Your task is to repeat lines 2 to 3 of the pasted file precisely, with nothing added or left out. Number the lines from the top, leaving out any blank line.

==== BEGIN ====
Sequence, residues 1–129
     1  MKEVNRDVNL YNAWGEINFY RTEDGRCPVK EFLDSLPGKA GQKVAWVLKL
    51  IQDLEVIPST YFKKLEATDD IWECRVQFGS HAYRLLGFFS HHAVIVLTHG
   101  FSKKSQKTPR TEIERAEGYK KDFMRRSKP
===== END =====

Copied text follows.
     1  MKEVNRDVNL YNAWGEINFY RTEDGRCPVK EFLDSLPGKA GQKVAWVLKL
    51  IQDLEVIPST YFKKLEATDD IWECRVQFGS HAYRLLGFFS HHAVIVLTHG